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Title:Reynolds-stress enhancement associated with a short fetch of roughness in wall turbulence
Author(s):Wu, Yanhua; Christensen, Kenneth T.
Subject(s):Reynolds stress producing events
Abstract:Particle-image velocimetry experiments are performed to study the response of smooth-wall turbulent channel flow to a short fetch of roughness (ten outer length scales long). The roughness studied herein is replicated from a surface scan of a damaged turbine blade and contains both large- and small-scale surface defects attributable to pitting, deposition and spallation. Quadrant analysis is used to investigate the characteristics of Reynolds-stress-producing events within the internal layer that develops over the roughness. The total mean Reynolds stress is dramatically increased in the presence of the roughness as compared to the smooth-wall baseline owing to an increased number of extremely intense ejections and sweeps. In contrast, inward and outward interactions, as well as relatively weak ejection and sweep events, are found to be insensitive to the surface conditions. While the stress and space fractions for all Reynolds-stress-producing events are found to be insensitive to the surface topology, the most intense ejection and sweep events yield stress and space fractions that vary significantly with the local surface topology.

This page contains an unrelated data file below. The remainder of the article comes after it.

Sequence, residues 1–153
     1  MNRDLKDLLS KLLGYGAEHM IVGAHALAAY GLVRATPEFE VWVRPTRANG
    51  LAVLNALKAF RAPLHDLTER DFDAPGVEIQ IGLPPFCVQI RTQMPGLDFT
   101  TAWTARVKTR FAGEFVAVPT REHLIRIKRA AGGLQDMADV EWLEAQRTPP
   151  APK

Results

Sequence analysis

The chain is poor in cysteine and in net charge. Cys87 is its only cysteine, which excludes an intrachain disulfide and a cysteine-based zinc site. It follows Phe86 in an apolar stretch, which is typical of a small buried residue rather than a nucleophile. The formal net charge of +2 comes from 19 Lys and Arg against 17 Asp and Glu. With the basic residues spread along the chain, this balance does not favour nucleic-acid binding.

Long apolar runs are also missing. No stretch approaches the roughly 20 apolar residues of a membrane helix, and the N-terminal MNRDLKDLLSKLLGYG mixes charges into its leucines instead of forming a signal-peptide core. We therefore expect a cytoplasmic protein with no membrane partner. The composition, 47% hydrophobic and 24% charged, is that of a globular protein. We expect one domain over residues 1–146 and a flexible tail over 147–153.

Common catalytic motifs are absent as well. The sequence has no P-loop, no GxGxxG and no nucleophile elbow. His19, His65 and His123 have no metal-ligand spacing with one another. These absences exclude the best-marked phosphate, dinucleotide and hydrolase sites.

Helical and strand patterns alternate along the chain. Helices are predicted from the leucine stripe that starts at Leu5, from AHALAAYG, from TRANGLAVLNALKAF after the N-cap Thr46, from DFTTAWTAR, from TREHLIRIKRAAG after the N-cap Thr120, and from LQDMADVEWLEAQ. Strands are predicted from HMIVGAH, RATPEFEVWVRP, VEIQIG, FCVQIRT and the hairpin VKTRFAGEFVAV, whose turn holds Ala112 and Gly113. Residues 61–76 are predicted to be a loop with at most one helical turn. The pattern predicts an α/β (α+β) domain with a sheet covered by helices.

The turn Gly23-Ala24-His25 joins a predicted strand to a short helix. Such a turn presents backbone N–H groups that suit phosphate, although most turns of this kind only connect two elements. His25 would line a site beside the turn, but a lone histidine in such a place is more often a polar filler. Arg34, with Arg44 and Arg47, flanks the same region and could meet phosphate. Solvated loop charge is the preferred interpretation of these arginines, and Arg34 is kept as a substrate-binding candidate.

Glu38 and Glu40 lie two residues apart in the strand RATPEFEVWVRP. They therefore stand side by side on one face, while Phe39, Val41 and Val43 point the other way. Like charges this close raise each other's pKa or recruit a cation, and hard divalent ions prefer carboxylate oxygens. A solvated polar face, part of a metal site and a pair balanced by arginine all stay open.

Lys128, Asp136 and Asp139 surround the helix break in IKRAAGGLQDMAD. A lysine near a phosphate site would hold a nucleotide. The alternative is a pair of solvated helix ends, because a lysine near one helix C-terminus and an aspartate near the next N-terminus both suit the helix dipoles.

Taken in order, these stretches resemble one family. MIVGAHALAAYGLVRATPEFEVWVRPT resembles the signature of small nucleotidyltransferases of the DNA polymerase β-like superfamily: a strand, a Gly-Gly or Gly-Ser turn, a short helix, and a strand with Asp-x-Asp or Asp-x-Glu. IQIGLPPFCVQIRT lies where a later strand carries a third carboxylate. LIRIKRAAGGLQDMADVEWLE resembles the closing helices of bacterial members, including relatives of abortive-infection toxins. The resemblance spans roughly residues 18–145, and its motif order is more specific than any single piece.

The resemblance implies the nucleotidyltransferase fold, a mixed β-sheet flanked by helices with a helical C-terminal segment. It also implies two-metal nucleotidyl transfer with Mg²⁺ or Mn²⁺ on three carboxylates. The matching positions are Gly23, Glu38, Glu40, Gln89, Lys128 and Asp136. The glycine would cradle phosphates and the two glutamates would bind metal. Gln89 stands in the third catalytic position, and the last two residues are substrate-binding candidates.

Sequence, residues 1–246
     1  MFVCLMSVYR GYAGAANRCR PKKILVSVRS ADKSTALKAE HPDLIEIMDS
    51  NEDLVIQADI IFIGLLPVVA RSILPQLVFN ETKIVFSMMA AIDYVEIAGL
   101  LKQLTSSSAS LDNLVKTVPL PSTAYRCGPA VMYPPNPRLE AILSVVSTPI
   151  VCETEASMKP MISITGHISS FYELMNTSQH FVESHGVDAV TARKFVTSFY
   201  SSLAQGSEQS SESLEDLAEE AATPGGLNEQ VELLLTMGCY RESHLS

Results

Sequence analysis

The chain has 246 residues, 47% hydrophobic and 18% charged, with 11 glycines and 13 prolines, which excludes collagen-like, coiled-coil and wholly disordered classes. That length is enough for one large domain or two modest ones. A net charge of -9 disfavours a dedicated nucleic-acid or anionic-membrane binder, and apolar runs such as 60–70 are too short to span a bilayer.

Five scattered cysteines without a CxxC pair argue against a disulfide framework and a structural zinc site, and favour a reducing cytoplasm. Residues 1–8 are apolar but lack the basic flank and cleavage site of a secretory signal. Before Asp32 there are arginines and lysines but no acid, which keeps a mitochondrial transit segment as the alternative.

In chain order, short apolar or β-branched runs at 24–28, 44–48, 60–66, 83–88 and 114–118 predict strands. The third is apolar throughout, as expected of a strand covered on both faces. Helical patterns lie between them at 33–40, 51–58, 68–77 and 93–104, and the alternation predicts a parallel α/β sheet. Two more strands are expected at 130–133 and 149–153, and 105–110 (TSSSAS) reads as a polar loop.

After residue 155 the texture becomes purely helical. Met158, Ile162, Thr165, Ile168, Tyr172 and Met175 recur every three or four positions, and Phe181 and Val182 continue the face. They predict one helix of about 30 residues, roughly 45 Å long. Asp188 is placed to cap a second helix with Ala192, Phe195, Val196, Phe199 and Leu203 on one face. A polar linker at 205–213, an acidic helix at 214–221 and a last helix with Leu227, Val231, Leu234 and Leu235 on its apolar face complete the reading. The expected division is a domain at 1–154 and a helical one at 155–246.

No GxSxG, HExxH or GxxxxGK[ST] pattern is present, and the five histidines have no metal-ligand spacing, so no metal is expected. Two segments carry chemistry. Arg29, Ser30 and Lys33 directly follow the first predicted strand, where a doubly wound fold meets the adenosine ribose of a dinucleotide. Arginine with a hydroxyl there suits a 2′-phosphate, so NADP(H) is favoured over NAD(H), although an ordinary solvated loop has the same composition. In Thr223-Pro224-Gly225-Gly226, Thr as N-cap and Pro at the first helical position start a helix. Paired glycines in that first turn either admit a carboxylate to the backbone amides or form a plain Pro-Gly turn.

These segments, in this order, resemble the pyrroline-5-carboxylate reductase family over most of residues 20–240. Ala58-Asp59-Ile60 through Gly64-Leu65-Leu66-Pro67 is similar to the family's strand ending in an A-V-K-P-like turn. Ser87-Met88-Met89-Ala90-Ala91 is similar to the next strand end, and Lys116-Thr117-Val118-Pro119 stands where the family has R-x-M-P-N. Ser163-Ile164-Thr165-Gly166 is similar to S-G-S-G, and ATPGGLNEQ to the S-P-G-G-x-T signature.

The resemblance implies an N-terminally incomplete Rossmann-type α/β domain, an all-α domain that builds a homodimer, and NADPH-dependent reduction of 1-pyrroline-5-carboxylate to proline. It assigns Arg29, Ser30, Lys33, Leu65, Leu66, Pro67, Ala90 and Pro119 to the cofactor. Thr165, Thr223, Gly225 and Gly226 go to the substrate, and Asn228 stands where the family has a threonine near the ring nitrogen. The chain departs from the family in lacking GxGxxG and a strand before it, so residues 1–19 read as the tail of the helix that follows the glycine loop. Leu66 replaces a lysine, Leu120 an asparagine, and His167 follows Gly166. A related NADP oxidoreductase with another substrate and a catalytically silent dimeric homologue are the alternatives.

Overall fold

Issue Date:2006-01
Technical Report
Publication Status:published or submitted for publication
Peer Reviewed:is peer reviewed
Date Available in IDEALS:2007-01-18
Is Version Of:Published as: Yanhua Wu and Kenneth T. Christensen. Reynolds-stress enhancement associated with a short fetch of roughness in wall turbulence. AIAA Journal, Vol. 44, No. 12, 2006, pp. 3098-3106. DOI: 10.2514/1.22357. Copyright 2006 American Institute of Aeronautics and Astronautics, Inc.

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  • Technical Reports - Theoretical and Applied Mechanics (TAM)
    TAM technical reports include manuscripts intended for publication, theses judged to have general interest, notes prepared for short courses, symposia compiled from outstanding undergraduate projects, and reports prepared for research-sponsoring agencies.

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